TWU Local 100 has really stepped up their public campaigns in recent months to encourage the MTA to make big changes to curb the amount of subway fatalities. Between their graphic flyer campaign and their bloody Metrocards, they've brought a lot of attention to the changes they want—most prominently, they want engineers to slow trains down from 35 MPH to 10 MPH when entering stations. Members of TWU testified during last Thursday's emergency Transportation Commission hearing about subway deaths, and they spared no feelings: "Everything else the Transit Authority has come here and told you is obfuscation and pie-in-the-sky," said TWU Vice President Kevin Harrington. "They're not gonna save anybody. They walked out of here with no plan to stop anybody from dying this week, next week, or next year."
Harrington, an Irish-American Sikh who has been a train operator for 28 years, testified that he has had 10 incidents in which people either fell or were shoved into his train—and the only thing that prevented most of those people from dying was his ability to slow the train down. "I'm tired of the hundreds of [co-workers] I have to deal with every year who are traumatized by having passengers killed or almost killed by their trains," he said. "It's just outrageous that [the MTA] just came here, sat here and told you in so many technical words, with a wonderful presentation, 'We ain't doing anything.'"
During their presentation, the MTA politely shot down several ideas that have been proposed in recent weeks, including platform doors (too expensive and problematic to install), intrusion sensors (not happening anytime soon), trains slowing down to enter stations (too much congestion on platforms), and more MTA employees in stations (not in the budget). In the end, they laid out two strategies to their "concentrated attack": an education campaign (more posters, literature, announcements, TV ads) and "Help Points," which will allow people on the platform to hit a button to alert authorities about emergencies.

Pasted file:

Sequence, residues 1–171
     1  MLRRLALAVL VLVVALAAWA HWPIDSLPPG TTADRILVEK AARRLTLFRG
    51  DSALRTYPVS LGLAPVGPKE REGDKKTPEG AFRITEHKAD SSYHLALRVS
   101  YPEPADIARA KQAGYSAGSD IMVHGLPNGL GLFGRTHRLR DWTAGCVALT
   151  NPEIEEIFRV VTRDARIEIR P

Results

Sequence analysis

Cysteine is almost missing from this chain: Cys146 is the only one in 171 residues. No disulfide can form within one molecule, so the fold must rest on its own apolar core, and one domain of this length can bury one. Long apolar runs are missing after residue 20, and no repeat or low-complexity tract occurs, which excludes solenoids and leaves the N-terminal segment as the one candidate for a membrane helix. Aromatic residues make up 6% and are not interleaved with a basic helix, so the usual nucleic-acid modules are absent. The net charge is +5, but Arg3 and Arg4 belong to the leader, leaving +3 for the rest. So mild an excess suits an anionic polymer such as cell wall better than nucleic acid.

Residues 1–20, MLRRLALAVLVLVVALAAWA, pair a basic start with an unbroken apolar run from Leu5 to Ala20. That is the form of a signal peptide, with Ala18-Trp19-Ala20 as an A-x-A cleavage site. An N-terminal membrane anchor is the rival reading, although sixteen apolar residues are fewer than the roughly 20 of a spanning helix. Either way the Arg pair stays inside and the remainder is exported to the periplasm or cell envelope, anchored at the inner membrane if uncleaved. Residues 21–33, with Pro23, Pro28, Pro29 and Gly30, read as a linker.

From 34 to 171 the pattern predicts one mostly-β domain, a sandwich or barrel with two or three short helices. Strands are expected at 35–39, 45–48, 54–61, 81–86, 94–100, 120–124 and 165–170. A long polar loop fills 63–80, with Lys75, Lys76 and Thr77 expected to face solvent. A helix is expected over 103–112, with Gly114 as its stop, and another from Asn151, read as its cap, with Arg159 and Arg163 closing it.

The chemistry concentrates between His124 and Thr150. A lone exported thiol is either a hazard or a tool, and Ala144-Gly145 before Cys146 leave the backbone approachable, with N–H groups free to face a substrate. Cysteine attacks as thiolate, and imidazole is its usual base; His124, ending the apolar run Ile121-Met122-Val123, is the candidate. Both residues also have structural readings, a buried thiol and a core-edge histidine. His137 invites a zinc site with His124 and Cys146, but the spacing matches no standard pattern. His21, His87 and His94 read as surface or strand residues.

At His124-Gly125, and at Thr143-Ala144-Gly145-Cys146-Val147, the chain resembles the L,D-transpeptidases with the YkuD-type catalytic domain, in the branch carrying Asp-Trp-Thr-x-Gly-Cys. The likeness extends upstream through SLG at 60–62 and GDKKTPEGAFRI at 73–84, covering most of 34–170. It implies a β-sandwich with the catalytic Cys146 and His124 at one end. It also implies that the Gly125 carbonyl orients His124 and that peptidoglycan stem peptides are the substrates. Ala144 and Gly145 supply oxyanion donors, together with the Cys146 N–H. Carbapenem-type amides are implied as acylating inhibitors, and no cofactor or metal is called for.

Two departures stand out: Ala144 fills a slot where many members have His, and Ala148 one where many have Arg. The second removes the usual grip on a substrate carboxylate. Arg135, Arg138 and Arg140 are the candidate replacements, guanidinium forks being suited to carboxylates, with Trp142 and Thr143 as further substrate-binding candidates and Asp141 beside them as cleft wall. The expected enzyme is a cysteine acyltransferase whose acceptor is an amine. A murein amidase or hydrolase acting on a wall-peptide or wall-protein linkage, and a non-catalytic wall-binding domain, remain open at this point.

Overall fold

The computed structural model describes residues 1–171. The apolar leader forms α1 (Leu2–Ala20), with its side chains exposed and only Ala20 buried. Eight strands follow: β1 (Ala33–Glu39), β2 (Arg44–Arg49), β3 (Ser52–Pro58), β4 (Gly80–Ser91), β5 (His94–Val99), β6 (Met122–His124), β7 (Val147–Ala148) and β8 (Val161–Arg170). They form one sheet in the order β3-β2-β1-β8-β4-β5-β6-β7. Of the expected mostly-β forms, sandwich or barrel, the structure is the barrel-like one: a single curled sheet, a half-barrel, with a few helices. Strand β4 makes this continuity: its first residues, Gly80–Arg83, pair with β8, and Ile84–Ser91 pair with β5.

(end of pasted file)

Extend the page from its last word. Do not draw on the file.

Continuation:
The MTA spent much of that presentation explaining why slowing down trains coming into stations would be disastrous: "We're still going to have the overcrowding issues, still have problems with sequencing of trains, it's going to create tremendous running times and inconvenience for our customers," explained Carmen Bianco, the MTA's Senior Vice President for Subways. "This is not something that is feasible for us to do at this time."
TWU Local 100 President John Samuelsson refuted the MTA's insistence that train cars are being used to capacity, that there are no more in the arsenal that could be deployed to ease some of that overcrowding that might arise from slowing down:
The truth of the matter is, they have the ability to add capacity in rush hour situations. That's an economic choice on their part, and a political choice on their part. They can do it. The question for them becomes: is it worth adding capacity to save three [subway] incidents a week. And to save an avalanche of fatalities over the course of a year? So the question for the company is, do we add service, and stop the daily game of Russian Roulette on the station platforms, with folks getting killed on the platforms, or do we add capacity to stop the deaths?